Thousands of people were watching from a distance but no one was injured when a T-28 fixed-wing plane in a civilian aerobatics group wobbled and crashed on Saturday, authorities said. Many in the crowd hugged each other and cried after seeing the aircraft appear to disintegrate in a fireball.
The ill-fated aircraft was part of a T-28 acrobatic team that tours the nation performing in air shows such as the Thunder Over the Blue Ridge air show organised over the weekend at an airport near Martinsburg, according to General James Hoyer, West Virginia Air National Guard adjutant.
The rest of the air show, including yesterday’s planned performances, were cancelled.
Hoyer declined to immediately identify the pilot. Meanwhile, air show officials posted a notice on their website encouraging those who witnessed the crash to seek support if they felt viewing it had been traumatic.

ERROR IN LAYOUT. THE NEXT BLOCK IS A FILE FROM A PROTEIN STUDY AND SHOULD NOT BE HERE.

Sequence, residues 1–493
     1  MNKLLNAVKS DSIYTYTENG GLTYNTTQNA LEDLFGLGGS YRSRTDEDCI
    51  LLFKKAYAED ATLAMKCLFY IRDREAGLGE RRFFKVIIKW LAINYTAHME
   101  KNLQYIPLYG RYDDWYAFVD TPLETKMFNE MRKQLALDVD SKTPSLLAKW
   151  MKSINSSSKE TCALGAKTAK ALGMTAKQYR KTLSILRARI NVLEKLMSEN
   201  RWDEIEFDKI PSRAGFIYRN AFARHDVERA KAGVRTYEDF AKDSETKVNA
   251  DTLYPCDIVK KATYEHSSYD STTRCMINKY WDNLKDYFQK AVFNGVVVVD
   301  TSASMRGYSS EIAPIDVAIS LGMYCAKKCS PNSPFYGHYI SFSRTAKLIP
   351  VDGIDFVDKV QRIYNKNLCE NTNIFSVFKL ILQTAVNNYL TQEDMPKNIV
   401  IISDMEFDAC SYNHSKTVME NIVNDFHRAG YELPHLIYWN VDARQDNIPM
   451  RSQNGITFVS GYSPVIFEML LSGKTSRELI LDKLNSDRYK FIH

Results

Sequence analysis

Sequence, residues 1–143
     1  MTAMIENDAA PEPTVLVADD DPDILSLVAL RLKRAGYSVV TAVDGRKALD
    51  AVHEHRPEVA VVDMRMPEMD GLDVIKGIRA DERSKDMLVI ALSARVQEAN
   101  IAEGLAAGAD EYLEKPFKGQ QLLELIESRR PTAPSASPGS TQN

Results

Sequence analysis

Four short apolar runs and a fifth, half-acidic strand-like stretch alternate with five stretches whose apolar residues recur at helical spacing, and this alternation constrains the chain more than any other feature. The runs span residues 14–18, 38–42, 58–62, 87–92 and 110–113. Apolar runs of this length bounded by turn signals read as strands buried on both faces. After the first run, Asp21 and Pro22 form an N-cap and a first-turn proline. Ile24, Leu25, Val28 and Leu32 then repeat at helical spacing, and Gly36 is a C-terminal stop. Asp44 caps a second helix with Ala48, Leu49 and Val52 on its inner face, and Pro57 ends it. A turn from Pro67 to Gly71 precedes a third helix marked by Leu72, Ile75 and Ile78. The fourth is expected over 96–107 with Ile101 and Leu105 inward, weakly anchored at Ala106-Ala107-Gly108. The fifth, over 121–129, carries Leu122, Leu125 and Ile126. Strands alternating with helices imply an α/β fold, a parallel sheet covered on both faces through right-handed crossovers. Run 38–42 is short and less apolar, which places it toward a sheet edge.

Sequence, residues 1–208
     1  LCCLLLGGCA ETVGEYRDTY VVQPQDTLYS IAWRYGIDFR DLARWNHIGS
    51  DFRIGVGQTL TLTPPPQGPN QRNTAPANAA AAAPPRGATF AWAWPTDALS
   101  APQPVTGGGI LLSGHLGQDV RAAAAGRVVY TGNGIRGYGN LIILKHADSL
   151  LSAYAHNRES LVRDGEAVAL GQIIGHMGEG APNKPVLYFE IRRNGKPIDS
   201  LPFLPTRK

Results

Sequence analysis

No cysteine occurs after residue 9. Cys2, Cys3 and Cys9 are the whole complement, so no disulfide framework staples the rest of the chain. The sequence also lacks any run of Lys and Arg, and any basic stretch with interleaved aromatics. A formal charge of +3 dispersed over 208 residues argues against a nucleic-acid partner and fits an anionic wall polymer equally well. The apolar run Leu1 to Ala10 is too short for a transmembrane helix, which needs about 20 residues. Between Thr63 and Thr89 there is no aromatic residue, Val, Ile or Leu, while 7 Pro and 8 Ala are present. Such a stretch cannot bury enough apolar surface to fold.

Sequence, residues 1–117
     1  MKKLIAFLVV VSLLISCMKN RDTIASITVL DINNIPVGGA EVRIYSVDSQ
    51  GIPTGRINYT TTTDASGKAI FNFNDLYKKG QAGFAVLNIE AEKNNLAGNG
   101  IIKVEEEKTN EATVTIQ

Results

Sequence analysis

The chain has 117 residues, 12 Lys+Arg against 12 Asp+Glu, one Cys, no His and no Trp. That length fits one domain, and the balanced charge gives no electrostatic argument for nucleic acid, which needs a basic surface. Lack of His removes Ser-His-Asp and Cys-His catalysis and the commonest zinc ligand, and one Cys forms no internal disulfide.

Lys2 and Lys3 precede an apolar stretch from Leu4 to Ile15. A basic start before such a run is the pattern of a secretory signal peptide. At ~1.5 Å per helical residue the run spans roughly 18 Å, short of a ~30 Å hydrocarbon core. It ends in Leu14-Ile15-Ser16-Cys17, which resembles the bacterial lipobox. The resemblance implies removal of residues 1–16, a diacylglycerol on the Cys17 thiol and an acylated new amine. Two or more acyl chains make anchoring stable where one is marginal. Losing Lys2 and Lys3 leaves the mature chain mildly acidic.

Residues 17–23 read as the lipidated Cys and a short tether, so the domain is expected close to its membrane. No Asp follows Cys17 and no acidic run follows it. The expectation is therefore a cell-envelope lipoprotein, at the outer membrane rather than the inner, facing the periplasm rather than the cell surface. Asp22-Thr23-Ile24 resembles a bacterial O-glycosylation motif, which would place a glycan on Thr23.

The crash occurred a day after a stunt pilot crashed at a Nevada air race on Friday, killing at least nine and injuring dozens more.
“We were fortunate that the safety measures put in place by the Federal Aviation Administration ensured the safety of those on the ground,” Hoyer said in a statement. “Right now our thoughts and prayers are with the family members of the deceased.”
Local reports suggested the aircraft lost control during a six-plane stunt formation and then crashed on a runway near hangers at the airfield, causing thousands at the show to cry, hug and pray afterward.
The plane was part of the T-28 Warbird Aerobatic Formation Demonstration Team, and was performing as part of a show put on by the 167th Airlift Wing of the West Virginia Air National Guard.
The T-28 aerobatic team is known as the Trojan Horsemen and its website says Jack “Flash” Mangan, the registered owner of the plane, is part of the alternate wing. His biography on the site says he is a former Air Force fighter pilot who won three Meritorious Service Medals and Tactical Air Command’s Instructor Pilot of the Year.